Ancient Japan

Prince Shotoku

   The great cultural hero of early Japanese history was the Imperial Prince Mumayado no Toyotomimi who, with the ruling name Shotoku, became regent under his mother, Empress Suiko. His greatest legacy to Japanese history was the Seventeen Article Constitution which spelled out the philosophic and religious principles on which Japanese Imperial government would be based. In line with his foundational role in Japanese political identity, his birth, like that of Buddha, is a miraculous birth: born without pain, he speaks as an adult from the moment of his birth.

   What follows is a short account of Shotoku's birth and a brief description of his upbringing from the Nihongi. The text stresses his education first in Buddhism (the Inner Doctrine) and then in Confucianism and the Confucian classics (the Outer Classics). The general narrative of the Nihongi outlines two developments: the evolution of Japanese government in Confucian principles and the gradual adoption of Buddhism among the Japanese. The culmination of this development, according to the argument in the Nihongi, is Shotoku and his Seventeen Article Constitution.


   Summer, 4th month, 10th day.
   The Imperial Prince Mumayado no Toyotomimi was appointed Prince Imperial. He had general control of the Government, and was entrusted with all the details of administration. He was the second child of the Emperor Tachibana no Toyo-hi. The Empress-consort his mother's name was the Imperial Princess Anahobe no Hashibito. The Empress-consort, on the day of the dissolution of her pregnancy, went round the forbidden precinct, inspecting the different offices. When she came to the Horse Department, and had just reached the door of the stables, she was suddenly delivered of him without effort.1 He was able to speak as soon as he was born, and was so wise when he grew up that he could attend to the suits of ten men at once and decide them all without error. He knew beforehand what was going to happen. Moreover he learnt the Inner Doctrine2 from a Koryo Priest named Hye-cha, and studied the Outer Classics3 with a doctor called Hak-ka. In both of these branches of study he became thoroughly proficient. The Emperor his father loved him, and made him occupy the Upper Hall South of the Palace. Therefore he was styled the Senior Prince Kamu-tsu miya4, Aluma-ya-do Toyotomimi.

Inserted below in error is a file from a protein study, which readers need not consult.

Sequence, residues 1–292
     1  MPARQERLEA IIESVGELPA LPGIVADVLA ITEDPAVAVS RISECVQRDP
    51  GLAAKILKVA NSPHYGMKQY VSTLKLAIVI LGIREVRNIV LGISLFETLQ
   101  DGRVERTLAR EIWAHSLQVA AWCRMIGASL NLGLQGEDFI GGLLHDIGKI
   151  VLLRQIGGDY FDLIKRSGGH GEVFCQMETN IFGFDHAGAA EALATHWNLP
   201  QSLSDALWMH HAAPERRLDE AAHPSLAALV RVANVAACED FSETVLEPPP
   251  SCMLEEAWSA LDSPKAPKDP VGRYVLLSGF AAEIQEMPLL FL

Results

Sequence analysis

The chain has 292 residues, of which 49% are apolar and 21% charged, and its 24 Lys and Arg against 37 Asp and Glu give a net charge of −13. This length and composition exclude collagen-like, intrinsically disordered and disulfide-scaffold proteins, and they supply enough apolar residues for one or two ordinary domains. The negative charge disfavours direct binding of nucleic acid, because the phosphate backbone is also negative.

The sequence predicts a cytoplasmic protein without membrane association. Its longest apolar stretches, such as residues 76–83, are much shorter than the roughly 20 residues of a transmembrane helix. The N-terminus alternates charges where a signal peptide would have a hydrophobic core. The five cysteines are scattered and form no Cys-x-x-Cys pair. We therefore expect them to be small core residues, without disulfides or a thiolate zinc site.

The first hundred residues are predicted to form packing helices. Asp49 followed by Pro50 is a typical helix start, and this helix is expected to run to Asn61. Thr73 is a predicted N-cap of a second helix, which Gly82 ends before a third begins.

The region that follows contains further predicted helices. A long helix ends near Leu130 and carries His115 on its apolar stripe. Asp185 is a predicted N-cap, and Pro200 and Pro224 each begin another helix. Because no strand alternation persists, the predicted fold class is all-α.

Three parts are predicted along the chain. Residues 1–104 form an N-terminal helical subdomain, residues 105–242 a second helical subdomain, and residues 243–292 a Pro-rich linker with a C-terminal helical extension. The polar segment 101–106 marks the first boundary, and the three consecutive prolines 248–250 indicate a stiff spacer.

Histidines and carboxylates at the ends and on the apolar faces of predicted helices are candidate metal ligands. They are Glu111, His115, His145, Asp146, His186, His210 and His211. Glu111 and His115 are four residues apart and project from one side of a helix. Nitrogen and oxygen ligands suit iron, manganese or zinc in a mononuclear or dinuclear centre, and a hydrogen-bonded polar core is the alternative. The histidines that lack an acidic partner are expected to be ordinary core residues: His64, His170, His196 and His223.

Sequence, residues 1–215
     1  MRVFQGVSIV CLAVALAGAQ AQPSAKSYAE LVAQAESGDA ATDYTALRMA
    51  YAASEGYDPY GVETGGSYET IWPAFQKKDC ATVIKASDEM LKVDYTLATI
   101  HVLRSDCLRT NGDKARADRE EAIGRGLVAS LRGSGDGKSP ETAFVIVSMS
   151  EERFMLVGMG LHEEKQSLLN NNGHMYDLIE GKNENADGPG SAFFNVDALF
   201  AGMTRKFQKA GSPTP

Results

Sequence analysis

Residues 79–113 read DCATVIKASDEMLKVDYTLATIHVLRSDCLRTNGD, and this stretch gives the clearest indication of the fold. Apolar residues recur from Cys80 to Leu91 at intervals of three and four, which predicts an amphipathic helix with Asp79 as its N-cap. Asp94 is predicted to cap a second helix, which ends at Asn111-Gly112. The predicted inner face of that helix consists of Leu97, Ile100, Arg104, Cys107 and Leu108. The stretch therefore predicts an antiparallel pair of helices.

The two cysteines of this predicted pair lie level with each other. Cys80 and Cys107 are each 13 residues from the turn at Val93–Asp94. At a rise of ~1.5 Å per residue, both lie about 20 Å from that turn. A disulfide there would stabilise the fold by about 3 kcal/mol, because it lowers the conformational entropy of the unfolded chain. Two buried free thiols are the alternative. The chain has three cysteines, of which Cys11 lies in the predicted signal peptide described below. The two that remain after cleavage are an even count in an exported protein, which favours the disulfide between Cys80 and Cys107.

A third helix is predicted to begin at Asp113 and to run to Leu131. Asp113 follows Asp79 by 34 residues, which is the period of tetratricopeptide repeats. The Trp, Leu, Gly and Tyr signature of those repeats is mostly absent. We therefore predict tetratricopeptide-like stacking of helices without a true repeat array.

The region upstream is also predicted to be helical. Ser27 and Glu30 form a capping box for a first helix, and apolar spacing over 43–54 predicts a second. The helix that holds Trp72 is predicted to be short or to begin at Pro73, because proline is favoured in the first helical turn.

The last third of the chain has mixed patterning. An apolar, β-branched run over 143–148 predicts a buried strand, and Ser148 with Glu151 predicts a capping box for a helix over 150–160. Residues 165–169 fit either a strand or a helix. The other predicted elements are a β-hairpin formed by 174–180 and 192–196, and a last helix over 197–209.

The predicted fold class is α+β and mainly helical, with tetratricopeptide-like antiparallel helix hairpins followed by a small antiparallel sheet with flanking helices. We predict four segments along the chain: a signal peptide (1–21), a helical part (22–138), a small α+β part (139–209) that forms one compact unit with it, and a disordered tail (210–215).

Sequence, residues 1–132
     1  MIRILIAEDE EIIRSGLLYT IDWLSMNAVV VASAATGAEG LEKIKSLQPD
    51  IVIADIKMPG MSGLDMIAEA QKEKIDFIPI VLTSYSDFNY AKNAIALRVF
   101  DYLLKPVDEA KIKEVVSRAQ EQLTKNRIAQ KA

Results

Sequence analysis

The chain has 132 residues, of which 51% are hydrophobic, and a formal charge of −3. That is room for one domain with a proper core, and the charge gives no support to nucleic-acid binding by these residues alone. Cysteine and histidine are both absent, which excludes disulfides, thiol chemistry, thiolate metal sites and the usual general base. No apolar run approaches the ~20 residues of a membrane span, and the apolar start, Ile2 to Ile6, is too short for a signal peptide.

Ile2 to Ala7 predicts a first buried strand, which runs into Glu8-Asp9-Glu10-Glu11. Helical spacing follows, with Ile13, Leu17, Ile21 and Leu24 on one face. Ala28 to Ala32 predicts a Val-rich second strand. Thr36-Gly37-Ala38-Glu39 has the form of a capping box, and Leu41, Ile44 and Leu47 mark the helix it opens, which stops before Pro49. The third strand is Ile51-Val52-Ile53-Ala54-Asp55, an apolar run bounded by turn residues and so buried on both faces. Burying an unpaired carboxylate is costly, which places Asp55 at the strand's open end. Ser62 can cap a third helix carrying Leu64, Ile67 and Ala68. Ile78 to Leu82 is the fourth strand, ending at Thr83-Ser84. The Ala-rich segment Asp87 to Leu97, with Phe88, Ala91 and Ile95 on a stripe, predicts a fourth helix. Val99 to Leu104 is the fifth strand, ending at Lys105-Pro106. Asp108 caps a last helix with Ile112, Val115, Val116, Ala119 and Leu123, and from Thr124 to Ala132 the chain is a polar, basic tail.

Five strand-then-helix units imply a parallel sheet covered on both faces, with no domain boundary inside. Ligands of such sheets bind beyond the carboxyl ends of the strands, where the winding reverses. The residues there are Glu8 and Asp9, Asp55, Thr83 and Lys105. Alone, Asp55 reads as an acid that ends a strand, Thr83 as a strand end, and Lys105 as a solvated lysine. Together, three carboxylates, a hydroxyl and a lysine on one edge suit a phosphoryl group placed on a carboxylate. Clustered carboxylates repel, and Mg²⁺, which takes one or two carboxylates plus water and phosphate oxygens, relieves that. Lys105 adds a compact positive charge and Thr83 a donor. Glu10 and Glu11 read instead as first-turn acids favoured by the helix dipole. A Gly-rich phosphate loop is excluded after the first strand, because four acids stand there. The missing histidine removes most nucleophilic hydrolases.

Translated by W.G. Aston, Nihongi (London: Kegan, Paul, Trench, Trübner, 1896), 278-279

Introduction and edited by Richard Hooker



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Updated 9-13-97